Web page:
4.5.1 Different approaches

It is at the opposition division's discretion whether to admit late‑filed documents (Art. 114(2) EPC; see chapter IV.C.4.1. above). According to settled case law, it must first examine them as to their relevance. Late‑filed facts and evidence and supporting arguments should only exceptionally be admitted into the proceedings if, prima facie, there are reasons to suspect that such late-filed documents prejudice the maintenance of the European patent in suit (see, in particular, T 1002/92, OJ 1995, 605; see also T 1643/11, T 2443/12; and in this chapter IV.C.4.5.3 "Prima facie relevance").

As to whether and, if so, to what extent opposition divisions can or must consider other criteria too, with the result that even prima facie relevant documents may not be admitted in certain cases, the boards have taken various different approaches.

According to one of those approaches, the principle of examination by the EPO of its own motion (Art. 114(1) EPC) takes precedence over the possibility of disregarding facts or evidence not submitted in due time. This follows from the EPO's duty towards the public not to grant or maintain patents which it is convinced are legally invalid (T 156/84, OJ 1988, 372; T 2542/10; T 1272/12). Accordingly, the main criterion for deciding on the admissibility of late-filed documents and evidence is their relevance, i.e. whether they are decisive (relevant) for the outcome of the case (see T 258/84, OJ 1987, 119; T 892/98; T 605/99). Some decisions assess the relevance in relation to other documents already in the case (e.g. T 932/99, T 482/01, T 927/04; see however T 1652/08 and T 66/14 rejecting this definition). If the document is relevant it must be admitted into the case and taken into account (T 164/89, T 1016/93).

In addition, in landmark decision T 1002/92 (OJ 1995, 605) the board held that the principles set out by the Enlarged Board in G 9/91 and G 10/91 (OJ 1993, 408 and 420) with regard to the admissibility of fresh grounds of opposition (see chapter IV.C.3. above) are also generally applicable to late-filed new facts and evidence in support of grounds of opposition already presented in the notice of opposition. Accordingly, in proceedings before the opposition divisions, late-filed facts, evidence and related arguments which go beyond the "indication of the facts, evidence and arguments" presented in the notice of opposition pursuant to R. 55(c) EPC 1973 should only exceptionally be admitted into the proceedings if, prima facie, there are clear reasons to suspect that such late-filed material would prejudice the maintenance of the European patent in suit. The board saw the consideration of relevance as the principal factor governing the exceptional admissibility of late filed new facts, evidence and related arguments in proceedings before the opposition division. For the more restrictive and stringent criteria in proceedings before the boards of appeal, see chapter V.A.4.13. below.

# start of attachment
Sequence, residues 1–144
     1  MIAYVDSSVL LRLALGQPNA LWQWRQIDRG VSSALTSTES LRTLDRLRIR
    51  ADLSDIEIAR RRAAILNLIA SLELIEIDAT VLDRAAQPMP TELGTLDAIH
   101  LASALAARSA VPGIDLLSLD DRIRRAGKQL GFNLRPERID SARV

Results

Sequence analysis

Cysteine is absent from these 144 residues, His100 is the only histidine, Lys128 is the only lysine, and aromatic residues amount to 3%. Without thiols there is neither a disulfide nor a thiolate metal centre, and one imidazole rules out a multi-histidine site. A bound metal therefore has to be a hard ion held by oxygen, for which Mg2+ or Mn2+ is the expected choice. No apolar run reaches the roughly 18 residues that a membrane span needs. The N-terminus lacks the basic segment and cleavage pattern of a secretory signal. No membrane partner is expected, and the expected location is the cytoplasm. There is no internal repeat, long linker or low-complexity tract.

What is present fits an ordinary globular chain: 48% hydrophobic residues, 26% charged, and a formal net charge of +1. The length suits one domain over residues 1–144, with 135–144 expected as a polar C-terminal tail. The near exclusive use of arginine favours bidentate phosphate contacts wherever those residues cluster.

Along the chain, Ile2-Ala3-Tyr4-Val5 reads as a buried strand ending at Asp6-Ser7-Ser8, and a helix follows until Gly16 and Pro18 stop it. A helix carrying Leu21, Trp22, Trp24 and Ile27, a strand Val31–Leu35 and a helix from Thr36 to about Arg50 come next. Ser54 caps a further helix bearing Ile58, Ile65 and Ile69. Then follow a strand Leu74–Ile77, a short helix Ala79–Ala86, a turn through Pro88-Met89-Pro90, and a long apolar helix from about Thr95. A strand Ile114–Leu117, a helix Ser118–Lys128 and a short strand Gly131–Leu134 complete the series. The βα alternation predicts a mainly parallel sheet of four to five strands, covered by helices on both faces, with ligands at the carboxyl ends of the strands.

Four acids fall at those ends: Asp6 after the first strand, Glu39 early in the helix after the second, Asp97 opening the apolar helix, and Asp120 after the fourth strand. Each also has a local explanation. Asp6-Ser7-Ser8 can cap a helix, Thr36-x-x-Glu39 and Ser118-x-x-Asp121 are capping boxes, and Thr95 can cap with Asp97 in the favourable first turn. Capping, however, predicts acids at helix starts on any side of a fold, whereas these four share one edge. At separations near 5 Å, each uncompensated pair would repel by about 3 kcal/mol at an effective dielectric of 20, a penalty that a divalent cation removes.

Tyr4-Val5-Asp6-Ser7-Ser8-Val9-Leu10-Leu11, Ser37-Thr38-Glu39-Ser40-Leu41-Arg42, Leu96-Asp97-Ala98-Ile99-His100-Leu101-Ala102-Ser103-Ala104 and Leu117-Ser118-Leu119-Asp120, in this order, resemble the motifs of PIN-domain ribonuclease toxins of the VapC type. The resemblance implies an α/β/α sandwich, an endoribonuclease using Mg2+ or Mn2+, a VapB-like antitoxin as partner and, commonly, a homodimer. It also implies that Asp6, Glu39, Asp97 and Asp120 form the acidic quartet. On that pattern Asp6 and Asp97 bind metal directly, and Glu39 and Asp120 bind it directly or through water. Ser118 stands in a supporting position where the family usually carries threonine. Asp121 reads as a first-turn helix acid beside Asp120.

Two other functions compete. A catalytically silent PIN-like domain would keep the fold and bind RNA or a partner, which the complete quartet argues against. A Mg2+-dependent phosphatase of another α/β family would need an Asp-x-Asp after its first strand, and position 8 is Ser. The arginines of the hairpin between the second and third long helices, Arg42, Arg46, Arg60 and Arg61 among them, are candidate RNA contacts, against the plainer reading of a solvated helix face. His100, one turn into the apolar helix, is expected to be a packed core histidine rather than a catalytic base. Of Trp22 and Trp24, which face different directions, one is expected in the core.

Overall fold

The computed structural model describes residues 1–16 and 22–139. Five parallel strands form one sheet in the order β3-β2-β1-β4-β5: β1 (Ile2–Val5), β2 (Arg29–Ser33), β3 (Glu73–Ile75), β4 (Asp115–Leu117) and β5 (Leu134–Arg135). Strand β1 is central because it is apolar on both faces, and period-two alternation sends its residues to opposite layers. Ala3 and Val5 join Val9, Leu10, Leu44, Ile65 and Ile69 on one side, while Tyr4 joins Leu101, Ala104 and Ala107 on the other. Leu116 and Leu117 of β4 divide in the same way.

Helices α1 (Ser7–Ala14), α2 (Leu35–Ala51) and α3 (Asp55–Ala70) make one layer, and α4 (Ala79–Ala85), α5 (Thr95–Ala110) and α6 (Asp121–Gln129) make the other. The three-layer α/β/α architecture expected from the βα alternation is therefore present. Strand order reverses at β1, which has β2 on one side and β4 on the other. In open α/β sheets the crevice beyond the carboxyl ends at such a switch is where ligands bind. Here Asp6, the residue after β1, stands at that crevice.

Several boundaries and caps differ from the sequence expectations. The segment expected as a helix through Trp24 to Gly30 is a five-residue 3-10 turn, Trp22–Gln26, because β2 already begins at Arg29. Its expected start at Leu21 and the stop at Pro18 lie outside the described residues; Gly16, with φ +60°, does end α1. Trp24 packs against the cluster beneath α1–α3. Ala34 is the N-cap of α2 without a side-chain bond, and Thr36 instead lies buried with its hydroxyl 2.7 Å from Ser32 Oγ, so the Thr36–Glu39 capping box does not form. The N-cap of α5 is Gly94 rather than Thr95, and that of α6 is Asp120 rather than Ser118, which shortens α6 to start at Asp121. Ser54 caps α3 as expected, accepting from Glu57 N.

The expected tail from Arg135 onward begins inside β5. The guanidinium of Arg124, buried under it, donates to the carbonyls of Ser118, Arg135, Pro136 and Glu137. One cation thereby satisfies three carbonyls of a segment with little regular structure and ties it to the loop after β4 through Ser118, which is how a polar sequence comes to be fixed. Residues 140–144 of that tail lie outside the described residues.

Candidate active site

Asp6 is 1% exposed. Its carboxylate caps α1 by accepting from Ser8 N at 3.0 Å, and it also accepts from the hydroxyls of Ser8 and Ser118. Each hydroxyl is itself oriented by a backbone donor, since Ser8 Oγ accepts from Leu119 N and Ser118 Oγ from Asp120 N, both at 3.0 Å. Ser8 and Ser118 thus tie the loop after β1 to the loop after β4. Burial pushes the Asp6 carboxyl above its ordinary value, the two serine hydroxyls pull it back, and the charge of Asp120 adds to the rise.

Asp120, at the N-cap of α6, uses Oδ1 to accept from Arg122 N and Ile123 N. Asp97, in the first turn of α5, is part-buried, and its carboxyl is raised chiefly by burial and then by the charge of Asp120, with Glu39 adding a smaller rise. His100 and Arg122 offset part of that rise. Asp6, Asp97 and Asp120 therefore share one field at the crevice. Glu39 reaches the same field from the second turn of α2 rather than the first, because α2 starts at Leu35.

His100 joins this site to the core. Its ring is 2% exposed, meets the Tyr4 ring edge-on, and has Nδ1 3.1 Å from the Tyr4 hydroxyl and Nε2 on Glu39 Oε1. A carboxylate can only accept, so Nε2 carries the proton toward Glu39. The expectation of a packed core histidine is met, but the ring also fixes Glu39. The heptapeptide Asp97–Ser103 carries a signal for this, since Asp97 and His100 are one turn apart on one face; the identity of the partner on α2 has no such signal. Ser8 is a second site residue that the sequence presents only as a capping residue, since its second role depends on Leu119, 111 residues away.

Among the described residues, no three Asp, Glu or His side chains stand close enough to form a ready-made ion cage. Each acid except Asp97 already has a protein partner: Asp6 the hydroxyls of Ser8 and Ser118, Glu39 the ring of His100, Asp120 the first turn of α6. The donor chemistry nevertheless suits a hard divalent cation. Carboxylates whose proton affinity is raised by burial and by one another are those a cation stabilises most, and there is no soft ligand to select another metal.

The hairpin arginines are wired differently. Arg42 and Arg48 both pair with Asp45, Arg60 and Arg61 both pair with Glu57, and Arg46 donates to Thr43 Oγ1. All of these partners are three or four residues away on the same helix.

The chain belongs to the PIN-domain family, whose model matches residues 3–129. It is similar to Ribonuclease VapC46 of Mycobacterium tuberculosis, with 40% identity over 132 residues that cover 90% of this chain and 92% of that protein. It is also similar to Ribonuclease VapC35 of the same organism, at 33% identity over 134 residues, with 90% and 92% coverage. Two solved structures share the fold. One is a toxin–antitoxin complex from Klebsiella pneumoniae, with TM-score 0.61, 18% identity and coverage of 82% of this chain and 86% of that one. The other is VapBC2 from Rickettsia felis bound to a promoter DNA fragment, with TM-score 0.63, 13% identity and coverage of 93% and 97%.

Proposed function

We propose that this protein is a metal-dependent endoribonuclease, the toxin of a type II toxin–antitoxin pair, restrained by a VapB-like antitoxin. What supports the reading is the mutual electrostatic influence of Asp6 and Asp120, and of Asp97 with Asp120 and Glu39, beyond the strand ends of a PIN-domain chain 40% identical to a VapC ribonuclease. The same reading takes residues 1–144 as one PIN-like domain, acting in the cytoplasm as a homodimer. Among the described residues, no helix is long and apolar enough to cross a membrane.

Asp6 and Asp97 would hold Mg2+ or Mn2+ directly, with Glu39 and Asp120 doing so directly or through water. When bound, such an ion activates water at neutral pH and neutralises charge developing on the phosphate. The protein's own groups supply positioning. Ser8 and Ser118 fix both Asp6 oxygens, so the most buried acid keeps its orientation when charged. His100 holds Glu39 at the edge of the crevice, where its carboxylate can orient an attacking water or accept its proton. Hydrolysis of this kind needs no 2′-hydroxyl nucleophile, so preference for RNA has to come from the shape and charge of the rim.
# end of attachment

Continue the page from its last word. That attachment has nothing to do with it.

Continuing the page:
Many decisions have affirmed T 1002/92 (for late submissions in opposition proceedings see e.g. T 481/99, T 481/00, T 1643/11, T 2438/13, T 710/15).

However, in many earlier decisions, too, the relevance of late-filed documents was no longer viewed as being the only decisive criterion for admitting them. Other criteria, such as how late the documents were, why they had been submitted late and whether their submission constituted a procedural abuse or whether admitting the late-filed documents could lead to an excessive delay in the proceedings, were also held to be decisive (see T 534/89, OJ 1994, 464; T 17/91, T 951/91, OJ 1995, 202; T 1019/92, T 481/99, T 1182/01, T 927/04, T 1029/05, T 1485/08, T 2542/10, T 1272/12, T 1883/12, T 1271/13).

For decisions on the exercise of discretion by opposition divisions, see in this chapter IV.C.4.5.3 to 4.5.5; for "Criteria for considering late-filed facts and evidence" in appeal proceedings, see chapter V.A.4.13. below.

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